After Shelling Mariupol, Pro-Russian Rebels Mount Offensive Against Ukrainian Troops, Heightening Tensions

( [email protected] ) Jan 26, 2015 03:32 PM EST
Ukraine Mariupol Shelling
Police look at the body of a victim killed by a recent shelling of a residential sector in Mariupol, eastern Ukraine, January 24, 2015. Ten people were killed in shelling by pro-Russian separatists in the east Ukrainian port city of Mariupol on Saturday, the head of the Kiev-controlled Donetsk regional police said. REUTERS/Nikolai Ryabchenko

Rebels who supposedly have the support of Russia have decided to launch a new offensive against Ukrainian forces on Monday, shattering a ceasefire that lasted for five months.

According to Laura Mills of the Associated Press, Russian President Vladimir Putin blamed Ukraine's army for the uptick in violence in the region, accusing them of using civilians as "cannon fodder" in the conflict. He made those televised comments after meeting with students in St. Petersburg.

"(Ukraine's army) is not even an army, it's a foreign legion, in this case a foreign NATO legion," Putin said. "They have totally different goals, connected to the geopolitical containment of Russia, which absolutely do not coincide with the national interests of the Ukrainian people."

The Associated Press reported that Putin made the comments after a rocket attack in the Ukrainian coastal city of Mariupol killed 30 people on Saturday. Russian Foreign Minister Sergey Lavrov reinforced Putin's stance, accusing the West of exploiting the tragedy in Mariupol to "whip up anti-Russian hysteria."

"To expect that they (the rebels) would simply reconcile themselves to being bombed would be naive," Lavrov said. "They started to act... with the goal of destroying Ukrainian army positions being used to shell populated areas."

According to Natalia Zinets and Denis Dyomkin of Reuters, the United States and the European Union are considering new measures against Russia, accusing the country of supporting the rebels' cause with money, arms and troops on the ground. President Barack Obama told the Associated Press on Sunday that he will "ratchet up the pressure on Russia" with help from European partners.

Ukraine Mariupol Shelling
People hold placards while taking part in a rally in memory of people who died during shelling in the southern Ukrainian city of Mariupol on Saturday, in Kiev January 25, 2015. The placards read ''I love Mariupol.'' REUTERS/Gleb Garanich
Ukraine Mariupol Shelling
A boy holds a Ukranian flag during a rally in memory of people who died during shelling in the southern Ukrainian city of Mariupol on Saturday, in Kiev January 25, 2015. Pro-Russian rebels launched an offensive against the strategic port of Mariupol in eastern Ukraine on Saturday, prompting the European Union's foreign policy chief to warn of a further ''grave deterioration'' in EU-Russian relations. Mariupol's city administration said the rebels had killed at least 30 people and injured 83 others by firing rockets from long-range GRAD missile systems. REUTERS/Gleb Garanich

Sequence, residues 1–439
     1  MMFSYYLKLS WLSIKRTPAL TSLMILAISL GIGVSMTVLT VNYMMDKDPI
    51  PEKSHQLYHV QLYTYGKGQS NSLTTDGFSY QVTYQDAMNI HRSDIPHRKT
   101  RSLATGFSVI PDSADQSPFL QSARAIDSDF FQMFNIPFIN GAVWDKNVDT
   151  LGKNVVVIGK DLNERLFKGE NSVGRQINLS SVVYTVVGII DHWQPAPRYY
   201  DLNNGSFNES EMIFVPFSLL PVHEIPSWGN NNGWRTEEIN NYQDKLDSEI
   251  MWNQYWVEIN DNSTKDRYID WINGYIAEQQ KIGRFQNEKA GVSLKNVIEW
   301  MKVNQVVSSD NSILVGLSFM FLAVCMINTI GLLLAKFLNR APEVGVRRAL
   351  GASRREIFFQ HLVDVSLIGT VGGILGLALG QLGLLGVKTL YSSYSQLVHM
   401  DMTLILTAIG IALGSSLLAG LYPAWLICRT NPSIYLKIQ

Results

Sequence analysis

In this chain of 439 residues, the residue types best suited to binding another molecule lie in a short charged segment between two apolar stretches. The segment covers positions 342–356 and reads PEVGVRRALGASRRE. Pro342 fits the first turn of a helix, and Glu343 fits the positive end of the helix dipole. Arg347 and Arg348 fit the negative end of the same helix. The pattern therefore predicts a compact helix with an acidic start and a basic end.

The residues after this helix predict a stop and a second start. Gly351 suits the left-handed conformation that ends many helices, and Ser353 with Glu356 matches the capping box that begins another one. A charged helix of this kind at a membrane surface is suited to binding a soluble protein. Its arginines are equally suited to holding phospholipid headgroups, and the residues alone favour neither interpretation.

In the meantime, an article from Agence France-Presse reported that Ukrainian officials are preparing to evacuate children in the war-torn zones of eastern Ukraine following the deaths of nine people, seven of them soldiers, in the latest attack.

"As a result of shelling, Ukraine has lost seven soldiers while 24 were injured," army spokesman Vladyslav Seleznyov said, adding that rebels had fired 115 times.

Ukraine Prime Minister Arseny Yatseniuk ordered all territories in the affected region to be on high alert due to escalating tensions in Luhansk and Donetsk, where separatist rebels have control.

"The government has decided to introduce a state of emergency in Donetsk and Luhansk regions and a state of high alert across all territories," Yatseniuk said at a government meeting.

According to the Associated Press, the city of Mariupol had been relatively quiet for months before Saturday's attack. However, if the rebels successfully wrestle control away from Ukrainian forces, the strategic Black Sea port would be able to connect the separatist-controlled area with a land corridor to Crimea, which is currently under Russian control.

Over 5,100 lives have been lost so far in the nine-month conflict between pro-Russian rebels and Ukrainian government forces.

Tags : Ukraine, the Ukraine, Ukrainian military, Eastern Ukraine, Donetsk, Luhansk, Mariupol, Sergey Lavrov, Vladimir Putin, NATO, Arseny Yatseniuk, Black Sea, Ukraine separatists, rebels Ukraine, Ukraine conflict, European Union, United States, Russia sanctions, Russian sanctions